Boggs won't disclose the total figure, but considering the length of the trip (approximately 16 hours from stadium to stadium), it's not crazy to believe Boggs demolished around 40 beers in total.
Michael Phelps: A Freakish Training Diet
Breakfast: three loaded fried-egg sandwiches, two cups of coffee, one five-egg omelet, one bowl of grits, three slices of French toast, three chocolate chip pancakes.
Lunch: one pound of enriched pasta, two ham and cheese sandoozles, 1,000 calories in energy drinks.
Dinner: one pound of pasta, a pizza, more energy drinks.
This is the 12,000-calorie diet Michael Phelps maintained while in training, and it will literally end your life if you aren't a superhuman athlete or an eating professional.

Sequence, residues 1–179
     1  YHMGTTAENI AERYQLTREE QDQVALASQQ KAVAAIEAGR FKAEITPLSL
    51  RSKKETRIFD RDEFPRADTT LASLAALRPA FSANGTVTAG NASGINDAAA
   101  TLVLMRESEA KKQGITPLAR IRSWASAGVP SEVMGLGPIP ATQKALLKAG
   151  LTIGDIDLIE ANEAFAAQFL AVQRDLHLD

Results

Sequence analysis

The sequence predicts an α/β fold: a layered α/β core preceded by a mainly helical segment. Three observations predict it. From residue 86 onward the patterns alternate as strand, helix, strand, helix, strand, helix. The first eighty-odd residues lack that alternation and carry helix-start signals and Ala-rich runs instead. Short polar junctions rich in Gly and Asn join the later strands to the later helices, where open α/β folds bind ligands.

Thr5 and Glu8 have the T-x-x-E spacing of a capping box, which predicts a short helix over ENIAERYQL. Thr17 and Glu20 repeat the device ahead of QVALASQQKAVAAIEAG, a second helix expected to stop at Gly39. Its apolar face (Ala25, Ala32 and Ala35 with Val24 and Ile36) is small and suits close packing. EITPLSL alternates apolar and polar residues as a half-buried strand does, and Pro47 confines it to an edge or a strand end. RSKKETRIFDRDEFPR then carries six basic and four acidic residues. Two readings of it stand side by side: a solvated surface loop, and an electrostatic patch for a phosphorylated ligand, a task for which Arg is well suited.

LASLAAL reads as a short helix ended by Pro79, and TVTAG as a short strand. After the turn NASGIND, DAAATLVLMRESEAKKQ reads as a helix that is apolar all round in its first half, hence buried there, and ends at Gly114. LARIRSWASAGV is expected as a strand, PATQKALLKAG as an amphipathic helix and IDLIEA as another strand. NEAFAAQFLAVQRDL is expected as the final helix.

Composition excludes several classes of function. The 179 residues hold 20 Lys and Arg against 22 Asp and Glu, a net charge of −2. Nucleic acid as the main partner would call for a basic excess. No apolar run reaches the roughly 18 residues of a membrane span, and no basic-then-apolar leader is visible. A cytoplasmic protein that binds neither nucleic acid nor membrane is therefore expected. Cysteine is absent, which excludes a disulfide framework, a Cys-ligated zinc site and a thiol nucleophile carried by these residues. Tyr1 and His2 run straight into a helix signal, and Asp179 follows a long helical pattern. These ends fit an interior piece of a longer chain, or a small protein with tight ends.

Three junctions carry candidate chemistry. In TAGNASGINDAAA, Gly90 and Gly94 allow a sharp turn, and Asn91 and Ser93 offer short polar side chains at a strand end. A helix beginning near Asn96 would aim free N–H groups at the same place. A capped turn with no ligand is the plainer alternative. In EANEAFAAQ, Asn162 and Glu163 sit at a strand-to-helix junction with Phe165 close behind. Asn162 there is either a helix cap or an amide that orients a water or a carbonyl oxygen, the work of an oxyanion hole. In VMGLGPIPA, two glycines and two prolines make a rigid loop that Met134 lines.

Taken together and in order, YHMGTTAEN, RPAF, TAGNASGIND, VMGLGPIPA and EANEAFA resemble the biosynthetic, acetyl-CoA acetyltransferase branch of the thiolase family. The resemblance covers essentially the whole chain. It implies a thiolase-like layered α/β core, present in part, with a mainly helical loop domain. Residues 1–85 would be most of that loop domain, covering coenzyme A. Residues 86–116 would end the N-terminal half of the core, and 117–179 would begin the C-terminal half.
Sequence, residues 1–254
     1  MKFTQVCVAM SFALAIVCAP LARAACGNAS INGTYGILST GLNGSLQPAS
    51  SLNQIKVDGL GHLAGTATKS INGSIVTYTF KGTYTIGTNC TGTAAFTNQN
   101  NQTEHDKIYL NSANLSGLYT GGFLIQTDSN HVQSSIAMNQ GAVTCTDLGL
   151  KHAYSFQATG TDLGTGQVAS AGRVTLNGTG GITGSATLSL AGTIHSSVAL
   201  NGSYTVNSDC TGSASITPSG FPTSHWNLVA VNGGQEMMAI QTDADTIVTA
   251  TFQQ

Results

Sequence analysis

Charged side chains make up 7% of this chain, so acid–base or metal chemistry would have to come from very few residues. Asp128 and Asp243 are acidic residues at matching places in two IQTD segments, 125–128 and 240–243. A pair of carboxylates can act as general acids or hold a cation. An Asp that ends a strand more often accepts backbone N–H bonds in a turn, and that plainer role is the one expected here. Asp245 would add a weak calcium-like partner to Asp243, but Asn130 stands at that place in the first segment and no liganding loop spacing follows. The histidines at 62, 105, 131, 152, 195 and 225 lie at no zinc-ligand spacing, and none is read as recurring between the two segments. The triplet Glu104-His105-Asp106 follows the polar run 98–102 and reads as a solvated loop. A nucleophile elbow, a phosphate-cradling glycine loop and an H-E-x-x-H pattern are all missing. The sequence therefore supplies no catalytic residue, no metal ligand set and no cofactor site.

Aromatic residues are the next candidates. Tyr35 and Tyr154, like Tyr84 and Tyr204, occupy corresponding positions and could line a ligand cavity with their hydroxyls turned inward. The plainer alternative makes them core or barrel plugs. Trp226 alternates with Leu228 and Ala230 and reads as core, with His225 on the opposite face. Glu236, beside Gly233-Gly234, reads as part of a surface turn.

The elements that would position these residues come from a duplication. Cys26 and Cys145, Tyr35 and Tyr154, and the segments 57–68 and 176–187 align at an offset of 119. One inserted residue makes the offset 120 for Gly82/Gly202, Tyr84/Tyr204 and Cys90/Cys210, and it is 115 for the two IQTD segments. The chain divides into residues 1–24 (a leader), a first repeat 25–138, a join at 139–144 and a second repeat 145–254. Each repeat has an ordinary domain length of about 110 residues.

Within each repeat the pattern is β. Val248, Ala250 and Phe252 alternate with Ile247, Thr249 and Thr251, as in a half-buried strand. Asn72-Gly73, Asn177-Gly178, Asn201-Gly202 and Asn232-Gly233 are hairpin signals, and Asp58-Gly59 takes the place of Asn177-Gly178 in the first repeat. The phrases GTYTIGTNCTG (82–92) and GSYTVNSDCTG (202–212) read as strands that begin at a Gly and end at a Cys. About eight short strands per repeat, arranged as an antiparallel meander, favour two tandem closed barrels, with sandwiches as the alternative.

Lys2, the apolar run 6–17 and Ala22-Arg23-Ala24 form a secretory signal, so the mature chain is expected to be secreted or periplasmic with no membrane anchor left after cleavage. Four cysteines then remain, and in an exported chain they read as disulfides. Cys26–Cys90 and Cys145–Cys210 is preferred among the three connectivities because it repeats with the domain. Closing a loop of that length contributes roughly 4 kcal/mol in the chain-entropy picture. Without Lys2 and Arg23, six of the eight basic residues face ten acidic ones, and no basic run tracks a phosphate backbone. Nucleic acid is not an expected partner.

Team Columbia: 9,000-Calorie Tour De France Diet
Breakfast: banana, muesli (uncooked oats, fruits and milk), pasta, croissant with chocolate, coffee, soy milk, mixed fruits, orange juice.
Pre-Race: pasta, water.
Race: four PowerBars, fruit cake, PowerBar carbo drink, energy gels, Coca-Cola, two turkey Adam Sandlers.
Post-Race: recovery drink, turkey sandwich, Coca-Cola, fruit cake, PowerBar.
Dinner: mixed veggies, pasta, chicken breast, sauce, plain yogurt, chocolate, gum/sweets.
Behold! The 9,000-calorie Tour De France diet of Team Columbia—a regimen that takes carbo loading to an entirely new plane of insanity.
In the morning, they eat carbs with a splash of coffee, which is followed up by carbs on a bike and carbs at the dinner table. And plain yogurt. We can't forget about that tasty treat cyclists get to enjoy after a day spent riding 125 miles through the French Alps.
Lamar Odom: Candy by the Bag
The Feast: "plates" of Starburst jellybeans.
Much about Lamar Odom's candy habit might be explained by other Odom habits that have come to light, but the man loves him some sweets.